Along the way, there was the Addams family, vain ghost girls screaming about developing wrinkles, a flamboyant vampire that looked like a blond Liberace, undead burlesque dancers, and hilarious paper hydras suspended on poles by unenthused boys hiding under a low-lit railing. The finale of the event occurred when all the supernatural hosts had a ball in the castle’s main hall and, immediately after showing up, I was led away by a smokin’ hot lady-specter to join the fun. Well, I danced with her for about a minute, during which time I tickled the crowd with my best worst dance moves, including the unstoppable Back Bender (Back to back, you raise the gal up), and then I fled back to Eva’s side in the darkness (I seem to be a target for this kind of shenanigans, and something similar went down when I was hoisted up onto a fashion show runway in Turkey last year. Of course, I didn’t let the spectators down then either).


The tour ended when our parasychologist guide fell in love with a cowled ghost man who gave her a flower. Uh…right.

Despite this, and despite the entire thing having happened in the Slovak language, I really enjoyed it all and would recommend it to all possible visitors in the future. Just be sure to bring along a little Slovak girl to translate everything for you if need be!

Prievidza: Getting Away

Eva and I were waylaid by a Spanish man and his Slovak girlfriend on the way out of the castle for a picture, and I got the opportunity to show off my dreadful Spanish for fifteen minutes of strained talking, but it did the trick and we had a nice conversation about the Camino de Santiago and castles. I can’t say much in Spanish, but I can definitely make my love of ancient fortifications clear as day (OYE CHICO, ME GUSTAN LOS CASTILLOS MUCHOOOOO).


After getting some marginal Slovakian ice cream in cones that were disgustingly soft, we got back to Eva’s flat and then realized that the last bus to Levoca—my next town—was leaving in minutes. For the second time on my trip, I had to run my ass to a bus station, this time with Eva panting next to me, and I thanked my lucky stars for getting there about 30 seconds before departure. With one sweaty hug and excited goodbye delivered to Eva, I got on the bus and had another wonderful evening of confusing connections and waiting at bus/train stations. Still, any opportunity to listen to a random album like Electric Light Orchestra’s Greatest Hits to discover two awesome songs should be valued.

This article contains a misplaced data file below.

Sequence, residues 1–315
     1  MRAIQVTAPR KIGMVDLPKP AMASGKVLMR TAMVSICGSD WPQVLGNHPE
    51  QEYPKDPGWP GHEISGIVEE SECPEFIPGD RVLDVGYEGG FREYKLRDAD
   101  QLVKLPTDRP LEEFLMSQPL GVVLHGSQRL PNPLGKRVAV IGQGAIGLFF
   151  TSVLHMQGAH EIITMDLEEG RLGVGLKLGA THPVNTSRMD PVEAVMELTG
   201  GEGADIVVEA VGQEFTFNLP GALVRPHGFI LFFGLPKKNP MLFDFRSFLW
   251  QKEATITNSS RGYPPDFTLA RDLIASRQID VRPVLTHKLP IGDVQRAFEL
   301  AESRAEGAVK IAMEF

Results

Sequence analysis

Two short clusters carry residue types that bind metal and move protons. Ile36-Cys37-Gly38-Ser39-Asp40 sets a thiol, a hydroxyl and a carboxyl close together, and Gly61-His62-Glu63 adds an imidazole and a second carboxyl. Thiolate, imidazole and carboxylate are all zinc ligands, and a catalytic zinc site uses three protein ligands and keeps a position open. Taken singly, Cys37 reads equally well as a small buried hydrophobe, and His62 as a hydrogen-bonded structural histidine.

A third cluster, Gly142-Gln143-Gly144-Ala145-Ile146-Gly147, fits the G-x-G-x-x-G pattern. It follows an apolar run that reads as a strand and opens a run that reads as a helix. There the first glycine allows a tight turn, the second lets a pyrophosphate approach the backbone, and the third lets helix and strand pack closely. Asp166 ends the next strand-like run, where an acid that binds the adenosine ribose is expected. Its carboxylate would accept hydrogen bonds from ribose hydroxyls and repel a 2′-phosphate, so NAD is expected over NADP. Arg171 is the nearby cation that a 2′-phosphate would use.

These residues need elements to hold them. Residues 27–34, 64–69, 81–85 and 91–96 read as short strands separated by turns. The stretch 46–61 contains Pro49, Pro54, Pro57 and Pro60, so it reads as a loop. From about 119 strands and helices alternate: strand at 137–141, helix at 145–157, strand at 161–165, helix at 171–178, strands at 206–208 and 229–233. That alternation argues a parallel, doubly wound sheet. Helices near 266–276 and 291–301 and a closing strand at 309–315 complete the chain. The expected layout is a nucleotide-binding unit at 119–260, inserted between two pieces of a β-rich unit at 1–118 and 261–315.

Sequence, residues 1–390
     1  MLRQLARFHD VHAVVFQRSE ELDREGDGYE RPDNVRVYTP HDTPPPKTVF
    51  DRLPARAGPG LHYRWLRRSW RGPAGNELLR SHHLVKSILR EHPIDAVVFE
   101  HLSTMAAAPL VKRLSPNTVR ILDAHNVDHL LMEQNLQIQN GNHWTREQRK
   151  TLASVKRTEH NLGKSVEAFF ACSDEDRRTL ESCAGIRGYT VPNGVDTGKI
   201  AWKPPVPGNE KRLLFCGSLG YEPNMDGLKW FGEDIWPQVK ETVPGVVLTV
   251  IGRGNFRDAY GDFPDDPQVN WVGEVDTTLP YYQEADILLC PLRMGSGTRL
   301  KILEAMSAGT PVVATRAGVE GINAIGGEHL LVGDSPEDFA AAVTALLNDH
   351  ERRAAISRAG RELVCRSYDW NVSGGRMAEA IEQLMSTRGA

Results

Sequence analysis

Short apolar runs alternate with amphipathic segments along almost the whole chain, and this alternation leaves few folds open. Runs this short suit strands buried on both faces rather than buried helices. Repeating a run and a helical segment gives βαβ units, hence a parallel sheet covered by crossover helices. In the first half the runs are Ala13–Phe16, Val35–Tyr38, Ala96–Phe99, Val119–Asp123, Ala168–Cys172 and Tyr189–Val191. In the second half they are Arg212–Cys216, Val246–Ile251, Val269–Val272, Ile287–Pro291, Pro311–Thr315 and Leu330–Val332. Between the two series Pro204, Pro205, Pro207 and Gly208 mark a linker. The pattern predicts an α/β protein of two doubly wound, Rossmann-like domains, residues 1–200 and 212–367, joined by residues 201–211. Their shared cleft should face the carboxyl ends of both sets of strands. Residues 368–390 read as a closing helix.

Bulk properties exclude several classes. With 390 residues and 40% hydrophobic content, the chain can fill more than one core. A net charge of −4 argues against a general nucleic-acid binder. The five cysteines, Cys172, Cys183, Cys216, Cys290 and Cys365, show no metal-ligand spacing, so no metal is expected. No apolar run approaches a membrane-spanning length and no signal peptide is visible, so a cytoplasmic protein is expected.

Coming Up Next: Final days in Slovakia in magical Levoca and Bardejov

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Sojourn to Slovakia — Got Those Bratislava Blues

The amount of holiday time European nations give their citizens makes American expatriates incredulous and envious. To live in Poland and watch people enjoy 12 guaranteed non-working public holidays, plus an absurd 26 days of legally-mandated paid vacation from work, plus weekends, in just one year causes your capitalistic nerves to erupt with bewildered indignation as you stand before direct evidence that the stereotype is true: the EU is just one big leisure fest, swinging in the hammock with too much heavy petting and wine to manage tomorrow with a clear head and fortitude for the nitty-gritty necessities of proper economic management. This feeling of rough-hewn superciliousness continues to course through your stars-and-stripes emblazoned ego right until the day you drink the Kool-Aid of extra holidays yourself, and instead of dying on the spot, fall in love with the idea and are amazed that America hasn’t followed suit yet.